Person Behind the Poem – A Q&A with Jake Sheff

PY: How did you first hear about the Skull Tower of Niš, and what about it inspired you to write this poem?

JS: In all honesty, I went looking for it, but I didn’t know what it was. I wanted to find something worth knowing about with a lot of poetic potential. I began searching for landmarks in Serbia—I’m an avid National Geographic reader, so foreign places and customs are one of my favorite topics. On top of the page with search results were pictures of tourist attractions, and I believe third in line was the Skull Tower. I said, “That’s it.” An endless fount of meaning; awe itself.

 

PY: You intersperse a lot of pop culture and unexpected references. Goldilocks, Jimi Hendrix, Facebook, Matt Lauer, Reese’s Pieces, and Ken Griffey, Jr. all make appearances in your piece. Describe your writing process for this poem and how you captured these cultural references that popped into your head.

JS: Difficult to answer this succinctly. “Unexpected” is part of the reason for the references. I like the catalyst metaphor of Eliot in “Tradition and the Individual Talent”: being the catalyst. Ephemera can make a timeless object (the successful poem) timely, and hopefully more endearing (or charming) to its time. I’m always impressed by allusions to contemporaries (usually otherwise unheard of or forgotten) in classics, like Martial and Montaigne—makes the writing (and writers) more real. Also these referents are ours, mine, specific to us (here and now): they’re part of my life’s fabric so always part of my poetic material, but choosing one renews that relationship, affirms it. Blurring the lines between high- and low- (or pop-) culture is always fascinating and more like real life, more democratic.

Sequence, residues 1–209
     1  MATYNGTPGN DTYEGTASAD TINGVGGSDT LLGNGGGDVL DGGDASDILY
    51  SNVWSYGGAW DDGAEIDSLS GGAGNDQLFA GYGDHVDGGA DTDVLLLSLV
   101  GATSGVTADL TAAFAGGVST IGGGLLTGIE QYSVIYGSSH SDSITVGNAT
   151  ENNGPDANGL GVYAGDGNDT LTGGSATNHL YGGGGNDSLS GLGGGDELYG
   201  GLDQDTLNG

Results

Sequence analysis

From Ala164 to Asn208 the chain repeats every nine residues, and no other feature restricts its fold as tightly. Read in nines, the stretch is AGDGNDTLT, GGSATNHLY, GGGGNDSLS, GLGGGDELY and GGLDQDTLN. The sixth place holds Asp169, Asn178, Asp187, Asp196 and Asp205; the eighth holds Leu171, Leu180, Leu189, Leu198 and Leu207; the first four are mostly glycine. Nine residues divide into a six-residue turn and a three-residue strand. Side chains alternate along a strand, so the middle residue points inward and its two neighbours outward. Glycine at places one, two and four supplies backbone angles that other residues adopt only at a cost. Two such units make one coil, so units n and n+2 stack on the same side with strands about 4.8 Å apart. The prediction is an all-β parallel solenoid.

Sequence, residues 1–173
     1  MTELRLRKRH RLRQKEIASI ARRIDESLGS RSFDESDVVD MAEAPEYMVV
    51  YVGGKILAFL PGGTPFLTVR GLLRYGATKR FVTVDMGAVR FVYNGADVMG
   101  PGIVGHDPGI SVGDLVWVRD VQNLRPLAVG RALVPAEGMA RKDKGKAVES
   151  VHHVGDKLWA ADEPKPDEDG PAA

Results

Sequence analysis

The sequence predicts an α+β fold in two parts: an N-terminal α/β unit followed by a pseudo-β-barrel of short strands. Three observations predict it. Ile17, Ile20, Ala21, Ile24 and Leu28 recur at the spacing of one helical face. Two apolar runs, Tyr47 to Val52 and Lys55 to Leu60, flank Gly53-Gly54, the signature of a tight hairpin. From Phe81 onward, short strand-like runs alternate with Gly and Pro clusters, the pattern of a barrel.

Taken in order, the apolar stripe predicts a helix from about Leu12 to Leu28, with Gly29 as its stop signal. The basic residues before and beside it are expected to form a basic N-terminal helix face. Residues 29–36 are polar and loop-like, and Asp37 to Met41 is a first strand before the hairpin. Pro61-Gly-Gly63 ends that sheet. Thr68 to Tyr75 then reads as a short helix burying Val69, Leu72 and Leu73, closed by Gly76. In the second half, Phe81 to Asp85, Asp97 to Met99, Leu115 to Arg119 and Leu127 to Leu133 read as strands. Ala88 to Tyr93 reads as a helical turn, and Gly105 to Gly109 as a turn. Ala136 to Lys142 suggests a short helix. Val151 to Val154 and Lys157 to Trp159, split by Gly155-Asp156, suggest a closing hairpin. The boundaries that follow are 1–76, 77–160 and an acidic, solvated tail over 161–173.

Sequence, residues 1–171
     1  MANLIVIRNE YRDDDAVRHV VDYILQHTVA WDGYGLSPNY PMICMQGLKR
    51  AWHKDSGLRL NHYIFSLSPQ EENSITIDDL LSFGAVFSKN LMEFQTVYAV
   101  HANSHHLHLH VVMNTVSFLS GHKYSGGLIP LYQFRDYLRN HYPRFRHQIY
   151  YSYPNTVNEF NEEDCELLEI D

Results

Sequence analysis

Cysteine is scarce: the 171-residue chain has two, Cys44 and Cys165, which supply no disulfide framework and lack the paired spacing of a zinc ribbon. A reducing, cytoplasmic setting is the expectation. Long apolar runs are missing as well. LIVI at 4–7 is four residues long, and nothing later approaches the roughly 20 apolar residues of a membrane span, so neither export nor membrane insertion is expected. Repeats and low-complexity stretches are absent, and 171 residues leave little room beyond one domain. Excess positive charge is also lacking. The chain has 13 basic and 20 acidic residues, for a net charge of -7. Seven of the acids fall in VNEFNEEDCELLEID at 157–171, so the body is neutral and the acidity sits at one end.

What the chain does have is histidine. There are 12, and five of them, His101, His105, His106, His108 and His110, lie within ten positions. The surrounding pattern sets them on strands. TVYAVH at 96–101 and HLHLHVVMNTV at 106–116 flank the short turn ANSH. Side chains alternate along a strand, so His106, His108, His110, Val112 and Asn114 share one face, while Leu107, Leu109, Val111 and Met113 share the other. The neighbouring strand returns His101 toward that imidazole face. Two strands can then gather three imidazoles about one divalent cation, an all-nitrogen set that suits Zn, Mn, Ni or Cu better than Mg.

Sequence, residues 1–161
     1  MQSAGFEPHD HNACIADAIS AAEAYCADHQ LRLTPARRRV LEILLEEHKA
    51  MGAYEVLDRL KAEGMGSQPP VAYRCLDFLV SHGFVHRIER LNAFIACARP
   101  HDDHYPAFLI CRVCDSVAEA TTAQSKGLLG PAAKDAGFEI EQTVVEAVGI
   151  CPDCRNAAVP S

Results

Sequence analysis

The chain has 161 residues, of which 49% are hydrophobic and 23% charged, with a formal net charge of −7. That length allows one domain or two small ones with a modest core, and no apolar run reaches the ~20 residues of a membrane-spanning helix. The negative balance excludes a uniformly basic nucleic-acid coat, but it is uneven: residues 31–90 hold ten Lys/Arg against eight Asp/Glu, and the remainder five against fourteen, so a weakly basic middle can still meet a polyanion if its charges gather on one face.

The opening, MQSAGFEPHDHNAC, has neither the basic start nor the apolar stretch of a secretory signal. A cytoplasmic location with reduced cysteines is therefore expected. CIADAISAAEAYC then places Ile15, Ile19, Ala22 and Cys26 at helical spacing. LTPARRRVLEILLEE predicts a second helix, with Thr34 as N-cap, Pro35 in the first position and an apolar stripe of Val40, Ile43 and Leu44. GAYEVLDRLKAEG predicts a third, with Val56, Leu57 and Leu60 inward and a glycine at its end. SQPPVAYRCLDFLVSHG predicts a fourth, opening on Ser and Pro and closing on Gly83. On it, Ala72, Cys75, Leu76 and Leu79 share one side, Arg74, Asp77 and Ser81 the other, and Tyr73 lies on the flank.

PY: You clearly had fun with imagery and rhyme in lines like, “Or maybe it’s, ‘In / twenty good vibrations Death is born / like fallen nations from their green and / golden stations in the parlance of vacations / often spoke by gray carnations.'” Do you always write like this? What other kinds of work have you written?

JS: I always write like that! My poet friend Grace Curtis thinks I’m the only writer who dreams up form before content. (I do that sometimes.) I’ve written a verse closet drama with haiku and an abecedarian built in. I’ve written a long poem similar to this, only in a form I call “Jacob’s Ladder” and with elements primarily pulled from American idioms and iconography. I’ve written iambic pentameters with different rhyme schemes at the tetrameter and trimeter feet. It’s organic artifice though, growing from what’s filled anthologies (a sort of compost). I never do it without including “real toads.”



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